Secondary Logo

Journal Logo

Web Exclusive Content: Original Article

A Comparative Study of Chest Computed Tomography Features in Young and Older Adults With Corona Virus Disease (COVID-19)

Zhu, Tingting MD, PhD*; Wang, Yujin MD*; Zhou, Shuchang MD, PhD*; Zhang, Na PhD; Xia, Liming MD, PhD*

Author Information
doi: 10.1097/RTI.0000000000000513
  • Open

Abstract

In December 2019, an unexplained pneumonia broke out in Wuhan City, Hubei Province of China. The causative agent is a novel coronavirus. The International Committee on Taxonomy of Viruses announced that the official classification of the 2019 Novel Coronavirus is severe acute respiratory syndrome coronavirus 2 (SARS-CoV-2) on February 11, 2020.1 On the same day, the disease caused by the virus was officially named corona virus disease (COVID-19) by the World Health Organization.2 The presumptive modes of transmission of the disease are close person-to-person contacts via droplets and fomires.3 Since the discovery of the pneumonia for more than a month, COVID-19 has spread widely in China and even other countries.

An initial prospective analysis of the clinical features of 41 patients in Wuhan with laboratory-confirmed COVID-19 demonstrated that all the patients had abnormal findings on chest computed tomography (CT).4 Chest CT is recommended as one of the main diagnostic criteria.5 At present, SARS-CoV-2 infection can be seen in young individuals to octogenarians. Preliminary data show that the mortality rate of COVID-19 is about 1.36%.6 All individuals are generally susceptible, but the elderly are more likely to develop severe infection or even die.7 Therefore, in this article, we retrospectively analyzed the CT characteristics of cases with COVID-19 in our hospital, and compared the CT imaging manifestations of patients aged 60 years and younger with patients older than 60 years to determine the common and differentiated details between them. This will allow for disease recognition and response to this communicable disease.

MATERIALS AND METHODS

This study was approved by the institutional review board. The ethics committee of our institute waived the informed consent for this retrospective study. Anonymous data were collected and analyzed to facilitate better chilical decisions.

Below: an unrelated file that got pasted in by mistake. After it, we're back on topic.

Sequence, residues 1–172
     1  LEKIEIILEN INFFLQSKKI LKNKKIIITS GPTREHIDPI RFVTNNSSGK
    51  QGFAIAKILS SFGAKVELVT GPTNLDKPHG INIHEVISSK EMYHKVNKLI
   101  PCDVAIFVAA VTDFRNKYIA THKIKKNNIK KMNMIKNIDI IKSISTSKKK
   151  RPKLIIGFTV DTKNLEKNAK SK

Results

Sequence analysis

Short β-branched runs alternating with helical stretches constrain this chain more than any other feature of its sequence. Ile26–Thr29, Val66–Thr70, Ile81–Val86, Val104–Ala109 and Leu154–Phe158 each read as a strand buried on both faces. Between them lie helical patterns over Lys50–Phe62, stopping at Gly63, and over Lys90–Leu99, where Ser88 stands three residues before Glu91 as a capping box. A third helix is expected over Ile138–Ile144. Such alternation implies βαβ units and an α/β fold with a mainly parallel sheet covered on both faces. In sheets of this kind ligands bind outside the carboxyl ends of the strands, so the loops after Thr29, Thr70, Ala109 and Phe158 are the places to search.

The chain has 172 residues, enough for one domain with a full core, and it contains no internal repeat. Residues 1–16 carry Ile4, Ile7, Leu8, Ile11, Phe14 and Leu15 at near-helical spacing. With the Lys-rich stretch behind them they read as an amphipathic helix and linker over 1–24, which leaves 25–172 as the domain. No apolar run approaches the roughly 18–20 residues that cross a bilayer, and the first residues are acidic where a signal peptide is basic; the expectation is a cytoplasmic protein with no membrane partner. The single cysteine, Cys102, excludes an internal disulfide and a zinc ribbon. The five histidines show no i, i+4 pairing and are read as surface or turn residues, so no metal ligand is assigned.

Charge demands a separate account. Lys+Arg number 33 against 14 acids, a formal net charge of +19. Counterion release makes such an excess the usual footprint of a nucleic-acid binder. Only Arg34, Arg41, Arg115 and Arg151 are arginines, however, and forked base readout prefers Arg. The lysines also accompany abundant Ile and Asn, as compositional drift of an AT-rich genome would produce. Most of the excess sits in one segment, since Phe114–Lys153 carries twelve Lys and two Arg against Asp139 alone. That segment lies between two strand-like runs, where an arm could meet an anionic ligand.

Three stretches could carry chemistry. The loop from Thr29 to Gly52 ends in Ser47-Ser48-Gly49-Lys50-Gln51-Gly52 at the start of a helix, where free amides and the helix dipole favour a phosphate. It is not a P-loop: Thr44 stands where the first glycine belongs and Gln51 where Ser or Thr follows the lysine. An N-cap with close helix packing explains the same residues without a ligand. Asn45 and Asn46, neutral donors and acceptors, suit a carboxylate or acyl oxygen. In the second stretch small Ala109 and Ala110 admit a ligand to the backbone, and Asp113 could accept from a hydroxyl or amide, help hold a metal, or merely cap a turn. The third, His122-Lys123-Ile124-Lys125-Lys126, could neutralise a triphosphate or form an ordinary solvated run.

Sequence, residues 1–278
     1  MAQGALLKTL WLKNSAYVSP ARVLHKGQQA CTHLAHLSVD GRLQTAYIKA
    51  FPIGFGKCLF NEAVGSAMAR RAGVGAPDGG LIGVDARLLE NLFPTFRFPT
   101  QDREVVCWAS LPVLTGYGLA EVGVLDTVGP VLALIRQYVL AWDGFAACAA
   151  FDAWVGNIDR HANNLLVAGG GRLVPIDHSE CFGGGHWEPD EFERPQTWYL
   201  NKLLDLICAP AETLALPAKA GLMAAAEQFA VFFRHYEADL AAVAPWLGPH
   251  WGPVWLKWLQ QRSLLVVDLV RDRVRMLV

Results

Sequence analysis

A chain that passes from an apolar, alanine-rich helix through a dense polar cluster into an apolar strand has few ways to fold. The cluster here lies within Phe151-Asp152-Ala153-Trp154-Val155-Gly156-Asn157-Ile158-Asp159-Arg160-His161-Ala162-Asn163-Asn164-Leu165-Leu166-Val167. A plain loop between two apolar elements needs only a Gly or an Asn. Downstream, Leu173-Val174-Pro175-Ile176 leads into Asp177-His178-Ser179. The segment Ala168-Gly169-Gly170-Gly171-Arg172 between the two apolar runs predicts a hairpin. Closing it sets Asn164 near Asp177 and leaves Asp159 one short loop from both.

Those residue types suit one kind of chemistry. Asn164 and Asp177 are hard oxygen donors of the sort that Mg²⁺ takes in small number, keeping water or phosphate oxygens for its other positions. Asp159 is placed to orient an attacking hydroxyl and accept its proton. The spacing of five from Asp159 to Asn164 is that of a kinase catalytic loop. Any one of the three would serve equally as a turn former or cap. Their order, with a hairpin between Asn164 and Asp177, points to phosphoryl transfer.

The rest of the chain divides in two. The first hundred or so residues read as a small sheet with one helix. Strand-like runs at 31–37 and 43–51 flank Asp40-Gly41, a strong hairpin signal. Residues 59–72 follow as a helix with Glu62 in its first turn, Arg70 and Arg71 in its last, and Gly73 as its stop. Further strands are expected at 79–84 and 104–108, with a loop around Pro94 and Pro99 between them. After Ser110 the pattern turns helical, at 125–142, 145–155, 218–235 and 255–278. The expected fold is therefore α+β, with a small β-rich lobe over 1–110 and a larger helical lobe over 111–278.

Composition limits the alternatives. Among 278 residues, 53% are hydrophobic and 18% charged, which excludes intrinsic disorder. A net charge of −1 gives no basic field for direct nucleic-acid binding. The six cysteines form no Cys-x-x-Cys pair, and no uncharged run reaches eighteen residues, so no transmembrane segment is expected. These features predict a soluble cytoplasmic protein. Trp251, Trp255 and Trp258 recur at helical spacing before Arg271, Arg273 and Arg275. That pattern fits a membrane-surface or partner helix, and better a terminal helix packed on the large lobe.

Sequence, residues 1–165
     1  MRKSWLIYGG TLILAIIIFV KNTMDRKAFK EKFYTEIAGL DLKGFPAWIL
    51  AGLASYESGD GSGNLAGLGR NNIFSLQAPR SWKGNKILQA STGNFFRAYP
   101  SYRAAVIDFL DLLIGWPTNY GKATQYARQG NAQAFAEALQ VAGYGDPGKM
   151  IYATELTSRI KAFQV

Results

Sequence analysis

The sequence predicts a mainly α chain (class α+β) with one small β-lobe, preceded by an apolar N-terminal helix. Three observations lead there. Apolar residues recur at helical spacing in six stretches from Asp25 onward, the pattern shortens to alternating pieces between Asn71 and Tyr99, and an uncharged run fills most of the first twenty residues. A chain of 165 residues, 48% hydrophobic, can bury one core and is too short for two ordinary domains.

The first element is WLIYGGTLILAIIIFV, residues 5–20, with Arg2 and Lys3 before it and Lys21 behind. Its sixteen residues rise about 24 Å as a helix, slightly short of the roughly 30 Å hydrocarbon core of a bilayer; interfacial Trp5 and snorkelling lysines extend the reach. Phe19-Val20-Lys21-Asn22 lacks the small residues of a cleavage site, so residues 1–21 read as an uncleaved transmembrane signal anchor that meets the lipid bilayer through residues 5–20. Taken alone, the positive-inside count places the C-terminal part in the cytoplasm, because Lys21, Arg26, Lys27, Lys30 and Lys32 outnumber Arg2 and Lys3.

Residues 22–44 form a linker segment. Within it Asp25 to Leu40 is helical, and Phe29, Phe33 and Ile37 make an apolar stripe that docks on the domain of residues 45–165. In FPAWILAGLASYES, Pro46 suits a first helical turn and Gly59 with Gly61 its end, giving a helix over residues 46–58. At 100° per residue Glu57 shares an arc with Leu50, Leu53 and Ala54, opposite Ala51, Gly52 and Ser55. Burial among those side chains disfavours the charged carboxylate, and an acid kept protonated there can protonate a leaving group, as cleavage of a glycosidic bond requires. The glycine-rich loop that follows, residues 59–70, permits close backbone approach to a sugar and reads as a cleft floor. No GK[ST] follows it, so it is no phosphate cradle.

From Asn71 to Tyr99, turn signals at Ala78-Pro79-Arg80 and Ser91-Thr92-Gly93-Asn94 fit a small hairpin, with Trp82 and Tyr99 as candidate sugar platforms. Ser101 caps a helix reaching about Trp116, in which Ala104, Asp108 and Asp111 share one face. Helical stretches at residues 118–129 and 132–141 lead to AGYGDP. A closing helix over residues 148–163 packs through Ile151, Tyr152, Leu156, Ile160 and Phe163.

Patients and Chest CT

A retrospective study was carried out in 72 patients with COVID-19 in our hospital. The enrollment period began from January 18, 2020, and ended on February 3, 2020. All patients were positive for SARS-CoV-2 nucleic acid antibody via laboratory testing of respiratory secretions obtained by nasopharyngeal or oropharyngeal swab. In all, 42 men and 30 women were studied (age range: 30 to 83 y, mean age: 55.6±12.8 y). Seventy-two patients were divided into 2 groups: (1) age 60 years and younger group, 44 patients, including 26 men and 18 women, age range 30 to 58 years, mean age 47.5±8.7 years; (2) age older than 60 years group, 28 patients, including 16 men and 12 women, age range 61-83 years, mean age 68.4±6.0 years. The clinical data were reviewed from the electronic medical records. The chief complaints, symptoms of the disease, and the time interval (in days) from disease onset to CT examination were recorded.

All the patients underwent a thin-section CT scan. The CT protocol was as follows: 80 to 120 kV; default 130 mAs, use of the mA automatic modulation function; pitch 0.9125; collimation 0.625 mm; rotation time 0.5 seconds; section thickness 5 mm; layer spacing 5 mm; and use of the reconstruction algorithm of the lung window to reconstruct a thin-layer thickness of 1 mm. All patients were scanned in the supine position and held their breath.

CT Review

All CT images were reviewed by 2 radiologists with 5 to 10 years of experience in chest diagnosis. Imaging was reviewed independently and a final decision was reached by consensus. The following characteristics were evaluated: (1) number of lobes involved: the lingual segment of the upper lobe of the left lung as an independent lobe; the minimum involved scope was recorded as 1 (single lobe involved) and the maximum as 6 (all lobes involved). (2) Lesion distribution: peripheral areas, central areas, and peripheral and central areas (division by 3 cm under pleura).8 (3) Lesion density (presence of pure ground-glass opacities, ground-glass opacities with consolidation, consolidation). (4) Interstitial changes (presence of reticular and/or interlobular septal thickening, subpleural line). (5) Accompanying signs (presence of vacuolar sign, air bronchogram, vascular enlargement). (6) Pleural reactions (presence of pleural thickening, pleural traction, and pleural effusion).

Statistical Analysis

All data were statistically analyzed using the SPSS 20.0 software package. The continuous variables were expressed as mean±SD. The classification variables were expressed by case number (n) and percentage (%). The comparison of the disease course distribution between the 2 groups was performed using the Mann-Whitney U test, and the Pearson χ2 or Fisher test was used for the comparison of other discrete variables. All analyses were considered statistically significant at P-values <0.05.

RESULTS

Clinical Features

Among the 72 patients, 42 (58.3%) were men and 30 (41.7%) were women, with slightly more men than women. All 72 patients had clinical symptoms. The most common symptoms were fever (59/72, 81.9%) and cough (28/72, 38.9%). Other chief symptoms included fatigue (20/72, 27.8%), dyspnea or shortness of breath (16/72, 22.2%), and abdominal pain or diarrhea (9/72, 12.5%). The rate of symptoms of the digestive tract was slightly higher in the elderly group than that in the young group. However, there was no significant difference between the 2 groups in the incidence of these major clinical symptoms (Table 1). There was no significant difference in the distribution of time intervals from disease onset to CT examination between the elderly group and the young group (P=0.297) (Table 1).